15WASH activities focus on schools, health facilities and the communities within the catchment area of the health centres. Since 2011, WASH activities have been imbedded within the nutrition section programme cooperation agreement addressing integrated management of acute malnutrition in feeding centres in the arid areas of northern Kenya. In 2013, considerable achievements were recorded by non-governmental organizations with WASH officers conducting hygiene promotion activities within the UNICEF-supported feeding centres.
16 Target is above 100 per cent due to outreach activities, formation of child-friendly spaces management committees and inclusion of data from country programmes for children.
17 Attributed to the relatively calm 2013 Kenya elections.
18 Target is low due to the late start of programme cooperation agreements, which affected the reports received.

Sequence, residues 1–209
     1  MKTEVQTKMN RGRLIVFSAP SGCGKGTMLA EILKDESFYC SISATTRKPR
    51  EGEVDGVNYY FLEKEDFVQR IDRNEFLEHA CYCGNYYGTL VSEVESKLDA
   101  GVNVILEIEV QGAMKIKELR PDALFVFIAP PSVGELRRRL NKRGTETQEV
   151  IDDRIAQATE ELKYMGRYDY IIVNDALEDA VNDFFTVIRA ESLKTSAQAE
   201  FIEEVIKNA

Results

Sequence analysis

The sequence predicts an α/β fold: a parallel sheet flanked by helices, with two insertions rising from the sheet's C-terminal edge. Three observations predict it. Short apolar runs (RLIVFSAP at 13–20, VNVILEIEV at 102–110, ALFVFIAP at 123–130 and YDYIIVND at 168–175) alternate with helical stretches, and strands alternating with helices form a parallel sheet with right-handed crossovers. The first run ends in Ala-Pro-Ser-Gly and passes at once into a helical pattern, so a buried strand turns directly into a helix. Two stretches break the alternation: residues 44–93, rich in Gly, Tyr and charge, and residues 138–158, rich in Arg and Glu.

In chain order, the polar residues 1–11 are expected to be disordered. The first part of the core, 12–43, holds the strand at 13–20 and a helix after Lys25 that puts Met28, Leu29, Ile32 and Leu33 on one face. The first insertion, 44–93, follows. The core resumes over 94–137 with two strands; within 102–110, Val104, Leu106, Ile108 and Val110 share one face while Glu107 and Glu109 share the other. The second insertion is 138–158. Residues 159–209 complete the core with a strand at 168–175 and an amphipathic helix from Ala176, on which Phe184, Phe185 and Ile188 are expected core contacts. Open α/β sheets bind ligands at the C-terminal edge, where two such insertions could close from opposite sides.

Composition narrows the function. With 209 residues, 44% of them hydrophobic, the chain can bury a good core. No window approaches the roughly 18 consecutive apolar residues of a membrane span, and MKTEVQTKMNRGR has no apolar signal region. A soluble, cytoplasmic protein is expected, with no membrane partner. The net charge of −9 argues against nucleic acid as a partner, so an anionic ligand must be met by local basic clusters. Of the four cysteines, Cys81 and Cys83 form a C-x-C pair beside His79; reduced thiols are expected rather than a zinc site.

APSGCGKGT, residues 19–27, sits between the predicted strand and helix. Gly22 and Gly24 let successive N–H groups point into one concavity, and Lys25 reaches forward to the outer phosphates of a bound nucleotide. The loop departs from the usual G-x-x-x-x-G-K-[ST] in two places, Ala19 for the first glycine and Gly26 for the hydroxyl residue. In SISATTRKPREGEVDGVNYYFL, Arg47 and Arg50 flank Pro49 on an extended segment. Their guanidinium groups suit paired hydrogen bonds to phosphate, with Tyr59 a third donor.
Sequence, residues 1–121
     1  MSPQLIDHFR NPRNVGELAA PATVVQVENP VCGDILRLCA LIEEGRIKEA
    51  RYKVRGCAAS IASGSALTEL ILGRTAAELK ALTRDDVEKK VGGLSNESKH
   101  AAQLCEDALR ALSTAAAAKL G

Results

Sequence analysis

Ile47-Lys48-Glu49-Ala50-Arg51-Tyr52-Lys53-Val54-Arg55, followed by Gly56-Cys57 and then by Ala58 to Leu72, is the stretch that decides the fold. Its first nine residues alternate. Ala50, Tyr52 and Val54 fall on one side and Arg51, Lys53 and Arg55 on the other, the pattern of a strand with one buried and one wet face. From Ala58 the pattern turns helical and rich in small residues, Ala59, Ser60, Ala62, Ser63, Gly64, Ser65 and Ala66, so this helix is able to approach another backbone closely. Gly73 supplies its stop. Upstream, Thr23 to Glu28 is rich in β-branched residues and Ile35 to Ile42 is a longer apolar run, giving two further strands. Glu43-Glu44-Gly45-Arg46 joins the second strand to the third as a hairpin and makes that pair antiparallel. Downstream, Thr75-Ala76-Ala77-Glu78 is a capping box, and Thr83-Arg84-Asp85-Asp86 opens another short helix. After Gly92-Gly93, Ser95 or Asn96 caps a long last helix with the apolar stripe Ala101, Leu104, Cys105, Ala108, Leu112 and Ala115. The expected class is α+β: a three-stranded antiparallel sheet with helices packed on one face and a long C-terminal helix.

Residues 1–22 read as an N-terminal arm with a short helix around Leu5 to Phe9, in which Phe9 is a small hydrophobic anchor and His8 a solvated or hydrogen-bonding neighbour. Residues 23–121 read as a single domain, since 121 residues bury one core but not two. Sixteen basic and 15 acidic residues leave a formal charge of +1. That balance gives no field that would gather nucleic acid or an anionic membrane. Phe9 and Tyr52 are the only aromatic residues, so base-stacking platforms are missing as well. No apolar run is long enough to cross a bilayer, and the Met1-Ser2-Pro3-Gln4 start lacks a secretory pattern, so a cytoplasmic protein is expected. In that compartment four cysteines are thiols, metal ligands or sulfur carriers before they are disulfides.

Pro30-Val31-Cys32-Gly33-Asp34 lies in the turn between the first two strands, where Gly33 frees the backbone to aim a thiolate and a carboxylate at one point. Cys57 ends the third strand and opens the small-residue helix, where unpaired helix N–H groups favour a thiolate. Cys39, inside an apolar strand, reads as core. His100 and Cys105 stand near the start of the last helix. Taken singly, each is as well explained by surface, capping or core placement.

19 Refers to the number of children and teachers reached through education in emergencies interventions, including: provision of learning materials, school WASH activities, construction, rehabilitation of classrooms and teacher training.
20 UNICEF target consists of 66 per cent of the cluster target.
21 Some of the activities were completed in October and November 2013, when cumulatively, 30 per cent of the targeted children were reached, though only 35 per cent of the total funding was received during the reporting period. The numbers include 21,900 children reached through supplies in Mandera, Marasabit, Wajir and Kisumu, and 1,121 children and youth reached through an alternative basic education programme in Dadaab.